We live in a world of assumptions. We assume that if it is raining the morning commute to work is going to be terrible. We assume that if someone get’s engaged at the end of a season of the Bachelor they are going to eventually break up. We assume that The University of Alabama is going to be the best football team in the nation for as long as we all live. We assume that if someone is a Christian they love Chick-Fil-A. We make assumptions about people so frequently we probably don’t even realize we are doing it.
It is not uncommon for us to make similar assumptions about people within the church. Through all of my years going to and serving in a church, I’ve noticed that assumptions in the church often come under the cover of labels. All of us have labelled people inside of our churches.
- The family who home schools.
- The ones who have been burned by another church.
- The family who comes to every activity.
- The young marrieds.
- The inconsistent churchgoers.
- The ones who only come on holidays.
- The young singles.
- The church hoppers.
Almost from the moment people come through the doors, we slap a label on their head and think we know exactly what role they are going to play in the life and ministry of the church. We think singles will be great for our tear down and set up team. We think all young married couples will serve best in the youth ministry and count on them to lead small groups. If we have an accountant in the congregation, they will want to be the head of our finance team. If we have a former police officer, they should be our head of security. And all of the current, former, and wannabe teachers should be serving in children’s ministry.
Personally, I hate assumptions and labels. I don’t like when people make guesses about me. The reality is, I know myself better than almost anyone else. I am a single, 28 year old female, and I am confident in who the Lord has made me. I love the Lord and I strive to know Him better at the end of day than I do right now. I know what strengths He has given me, and what weaknesses I need to work on, and I know what brings me great joy and great sorrow.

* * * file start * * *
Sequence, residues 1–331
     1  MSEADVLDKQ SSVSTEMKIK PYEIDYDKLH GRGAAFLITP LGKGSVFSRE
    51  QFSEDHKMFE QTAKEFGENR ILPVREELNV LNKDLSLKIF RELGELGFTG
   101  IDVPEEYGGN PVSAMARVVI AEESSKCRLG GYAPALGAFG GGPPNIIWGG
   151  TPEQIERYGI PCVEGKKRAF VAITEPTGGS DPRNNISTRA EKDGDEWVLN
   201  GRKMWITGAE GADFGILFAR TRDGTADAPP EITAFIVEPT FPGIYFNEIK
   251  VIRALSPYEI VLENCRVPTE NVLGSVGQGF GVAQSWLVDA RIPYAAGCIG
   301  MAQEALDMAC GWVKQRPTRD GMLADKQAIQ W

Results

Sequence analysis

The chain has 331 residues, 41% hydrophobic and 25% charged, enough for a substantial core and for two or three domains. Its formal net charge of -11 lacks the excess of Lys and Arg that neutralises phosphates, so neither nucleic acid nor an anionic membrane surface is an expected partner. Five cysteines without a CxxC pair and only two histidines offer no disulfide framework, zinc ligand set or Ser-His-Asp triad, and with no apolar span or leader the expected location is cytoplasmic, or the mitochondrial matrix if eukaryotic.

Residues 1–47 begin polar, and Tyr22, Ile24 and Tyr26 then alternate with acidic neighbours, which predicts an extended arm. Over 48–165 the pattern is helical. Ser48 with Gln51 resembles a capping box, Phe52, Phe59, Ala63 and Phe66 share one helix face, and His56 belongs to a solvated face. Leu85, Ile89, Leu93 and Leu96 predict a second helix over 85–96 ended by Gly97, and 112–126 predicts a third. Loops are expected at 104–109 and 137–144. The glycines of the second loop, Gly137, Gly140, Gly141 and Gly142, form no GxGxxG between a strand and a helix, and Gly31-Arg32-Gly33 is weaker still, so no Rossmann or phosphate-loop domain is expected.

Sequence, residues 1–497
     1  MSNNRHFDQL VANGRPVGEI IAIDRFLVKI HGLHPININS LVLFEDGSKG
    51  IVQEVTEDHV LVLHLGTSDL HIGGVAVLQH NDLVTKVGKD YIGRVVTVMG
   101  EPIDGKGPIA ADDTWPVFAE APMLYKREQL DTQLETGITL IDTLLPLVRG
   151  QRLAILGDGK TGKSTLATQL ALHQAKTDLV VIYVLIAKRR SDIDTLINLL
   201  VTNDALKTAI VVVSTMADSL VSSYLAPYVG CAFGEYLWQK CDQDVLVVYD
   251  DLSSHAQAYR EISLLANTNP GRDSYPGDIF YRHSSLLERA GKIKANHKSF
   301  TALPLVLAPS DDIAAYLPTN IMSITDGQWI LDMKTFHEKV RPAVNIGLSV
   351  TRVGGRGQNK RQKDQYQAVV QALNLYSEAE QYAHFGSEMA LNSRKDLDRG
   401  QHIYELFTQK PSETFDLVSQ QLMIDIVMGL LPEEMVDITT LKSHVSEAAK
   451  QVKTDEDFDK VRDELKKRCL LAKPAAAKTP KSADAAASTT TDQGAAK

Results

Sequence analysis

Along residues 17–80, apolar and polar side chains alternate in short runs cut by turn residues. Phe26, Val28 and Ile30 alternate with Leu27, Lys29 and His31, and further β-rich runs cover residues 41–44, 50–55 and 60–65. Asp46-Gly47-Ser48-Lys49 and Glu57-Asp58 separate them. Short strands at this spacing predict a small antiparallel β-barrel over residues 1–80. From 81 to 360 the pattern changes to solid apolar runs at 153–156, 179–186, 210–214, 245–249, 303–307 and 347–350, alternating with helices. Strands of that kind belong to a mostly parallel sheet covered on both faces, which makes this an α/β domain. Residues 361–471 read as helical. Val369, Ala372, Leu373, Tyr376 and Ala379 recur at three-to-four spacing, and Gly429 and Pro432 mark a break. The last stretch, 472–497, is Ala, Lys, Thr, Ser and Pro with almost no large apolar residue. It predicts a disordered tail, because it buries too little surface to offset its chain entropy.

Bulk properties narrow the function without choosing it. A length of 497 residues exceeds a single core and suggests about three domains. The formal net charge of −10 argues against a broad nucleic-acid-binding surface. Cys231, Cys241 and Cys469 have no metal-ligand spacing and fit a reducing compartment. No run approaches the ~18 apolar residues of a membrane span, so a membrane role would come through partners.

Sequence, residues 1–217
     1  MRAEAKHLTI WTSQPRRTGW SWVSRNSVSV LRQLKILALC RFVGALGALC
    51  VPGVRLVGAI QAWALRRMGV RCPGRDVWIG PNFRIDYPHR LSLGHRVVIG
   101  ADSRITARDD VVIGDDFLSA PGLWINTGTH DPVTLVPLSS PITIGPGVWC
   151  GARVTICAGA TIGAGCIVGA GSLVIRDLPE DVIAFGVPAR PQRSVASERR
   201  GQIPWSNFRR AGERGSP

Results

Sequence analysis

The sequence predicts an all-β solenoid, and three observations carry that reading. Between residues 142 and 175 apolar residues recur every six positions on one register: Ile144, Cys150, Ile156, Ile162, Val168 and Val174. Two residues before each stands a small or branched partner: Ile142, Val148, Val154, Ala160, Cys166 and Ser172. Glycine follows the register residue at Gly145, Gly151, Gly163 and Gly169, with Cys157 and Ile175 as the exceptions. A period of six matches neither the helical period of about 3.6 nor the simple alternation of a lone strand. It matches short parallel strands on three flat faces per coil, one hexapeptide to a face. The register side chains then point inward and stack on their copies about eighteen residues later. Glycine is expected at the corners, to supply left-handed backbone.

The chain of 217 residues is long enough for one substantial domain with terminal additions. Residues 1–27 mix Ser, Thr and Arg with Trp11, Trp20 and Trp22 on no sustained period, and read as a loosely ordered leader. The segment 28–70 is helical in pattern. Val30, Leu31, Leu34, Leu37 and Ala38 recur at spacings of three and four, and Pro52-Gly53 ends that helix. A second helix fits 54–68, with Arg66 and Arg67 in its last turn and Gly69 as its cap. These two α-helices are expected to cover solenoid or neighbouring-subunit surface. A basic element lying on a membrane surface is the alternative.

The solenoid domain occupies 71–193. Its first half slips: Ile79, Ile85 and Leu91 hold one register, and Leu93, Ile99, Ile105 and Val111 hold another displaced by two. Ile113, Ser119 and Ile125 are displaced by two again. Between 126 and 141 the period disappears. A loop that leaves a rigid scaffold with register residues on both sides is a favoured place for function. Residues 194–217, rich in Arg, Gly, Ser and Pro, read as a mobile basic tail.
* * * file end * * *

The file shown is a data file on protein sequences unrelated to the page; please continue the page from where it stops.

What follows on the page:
Though I know myself and walk confidently in the identity that the Lord has given me, the church has often labelled me. I’ve been told what ministries I will serve best in because I’m single. I’ve been asked to come early and stay late for events because I don’t have a family to feed or take care of. I have often been asked to babysit for meetings and parties instead of invited to attend.
Here is the truth about me and a lot of singles I know. Yes, we do love to serve the church in various ways. We love to come early and stay late for events. It’s fun and often creates an opportunity to build relationships. However, it can be just as hard for singles to come early and stay late. We might not have a family to feed or put to bed, but we do have other needs and responsibilities that may not always allow us extra time. We love to babysit and spend time with children. We know it greatly serves families and we are happy to do it from time to time. However, we also desire to be included in the actual meetings and parties. We want to be a part of the church in ways where we can use our gifts and callings. Oftentimes, we can feel like second class citizens when placed in roles simply because of our singleness.
The church should be a place where singles (and anyone for that matter) can come assumption and label free to sit, sing, participate, and serve exactly how the Lord has equipped and called them to do so. The kind of church that is full of people who are serving, not always where others thought they should serve because of their age or marital status, but exactly where they are equipped and called to serve. That is the kind of church I want to be a part of.
“Now there are varieties of gifts, but the same Spirit; and there are varieties of service, but the same Lord; and there are varies of activities, but it is the same God who empowers them all in everyone. To each is given the manifestation of the Spirit for the common good.” 1 Corinthians 12:4-7